Much has been put forth and very industriously too about a secret negotiation with Spain by a Mr. Cumberland and an Irish friar of the name of Hussy—both of whom I know.7 I believe nothing of it; as Cumberland took his family abroad for the purpose of cutting a little in His Expences, He being supposed much behind hand in the world. The Fryar was Part of the Household to the late Spanish Ambassador and has been once to Madrid and back hither since the Ambassador took his leave. This storey has helpd to raise the Stocks; but I believe some late maneuvres of Sr. Jo. Yorke with the Dutch, has helpd them up more either than that or the late news from America. We are all anxious here to know whether the Dutch and Russians will act spiritedly or otherways in the protection of their Commerce. The line of conduct of Portugal most likely will be guided by these powers. I know every Corner of that Country well and am not unacquainted at its Court from having resided there three or four years. Should affairs so turn out that any person, I do not mean in a capital but subordinate way, should be wanted I am ready and willing to go there, for I am sure I could do it to the material service of my Country, either by encouraging adventure from thence or in other more substantial { 515 } services. There is not a merchantile man of any eminence in the Country that I do not personally know.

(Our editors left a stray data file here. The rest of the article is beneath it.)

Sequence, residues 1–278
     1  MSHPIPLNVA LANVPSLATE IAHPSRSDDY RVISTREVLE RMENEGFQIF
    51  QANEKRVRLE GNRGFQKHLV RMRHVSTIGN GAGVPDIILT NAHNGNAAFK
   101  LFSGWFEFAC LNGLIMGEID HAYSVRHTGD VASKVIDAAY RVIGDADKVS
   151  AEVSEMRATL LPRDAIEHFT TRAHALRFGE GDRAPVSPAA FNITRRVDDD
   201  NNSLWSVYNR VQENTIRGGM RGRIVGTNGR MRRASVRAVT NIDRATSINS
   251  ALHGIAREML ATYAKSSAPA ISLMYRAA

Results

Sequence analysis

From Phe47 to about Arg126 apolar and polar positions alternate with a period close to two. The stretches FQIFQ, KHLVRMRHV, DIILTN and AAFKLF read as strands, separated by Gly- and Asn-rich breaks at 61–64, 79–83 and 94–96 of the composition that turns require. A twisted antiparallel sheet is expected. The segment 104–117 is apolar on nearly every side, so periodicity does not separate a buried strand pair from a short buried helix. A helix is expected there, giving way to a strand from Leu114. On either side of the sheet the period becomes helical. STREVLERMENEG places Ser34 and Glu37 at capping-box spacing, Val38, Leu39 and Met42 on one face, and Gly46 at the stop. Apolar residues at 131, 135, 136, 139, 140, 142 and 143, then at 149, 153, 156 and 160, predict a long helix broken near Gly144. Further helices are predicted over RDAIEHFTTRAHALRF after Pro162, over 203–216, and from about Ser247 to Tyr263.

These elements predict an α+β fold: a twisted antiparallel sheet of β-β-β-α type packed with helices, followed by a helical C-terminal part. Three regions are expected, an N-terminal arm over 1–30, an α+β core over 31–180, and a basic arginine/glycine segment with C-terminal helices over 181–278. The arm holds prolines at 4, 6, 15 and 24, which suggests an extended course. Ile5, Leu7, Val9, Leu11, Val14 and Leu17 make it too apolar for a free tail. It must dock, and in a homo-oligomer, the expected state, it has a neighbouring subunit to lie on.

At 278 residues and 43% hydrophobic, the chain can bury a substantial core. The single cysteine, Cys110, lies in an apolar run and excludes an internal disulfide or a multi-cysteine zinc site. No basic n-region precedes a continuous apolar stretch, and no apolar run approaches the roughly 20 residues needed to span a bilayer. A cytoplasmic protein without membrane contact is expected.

I am with the highest Esteem Sir Yr. obedt. Servt. W S. C—h
PS Books Sent.
The 2 Vols. of Treaties from 1688 to 1771.8 Westminr. Magazine for June 1780.9 Remembrancer containing an Account of the Riots10—2 Sermons on a fast day during the late War.11 Legal mode for suppressing Riots12—Considerations on the late Disturbances (by Burke).13 Tumulte De Londres14—also three small Pamphlets publishd gratis.
RC (PCC, No. 78, V, f. 487–490;) addressed: “A Monsieur Monsr. Ferdinando Raymond San Negote. Chez Monsieur Hocherau, Libraire Pont Neuf Paris”; endorsed by John Thaxter: “Mr. W. S. Church. 12th. July 1780. Recd. 24th.” Francis Dana probably enclosed this letter with his of 10 Aug. to the president of Congress (Wharton, ed., Dipl. Corr. Amer. Rev., 4:28–29).
1. See postscript and notes there.
2. Of [6–7? June] (above).
3. No letter from Digges enclosing a “Gazette,” probably the London Gazette of 16 June announcing the surrender of Charleston, has been found. Digges may be referring to his letter of 23 June, which he had noted in his letter of 29 June (above), but which has not been found.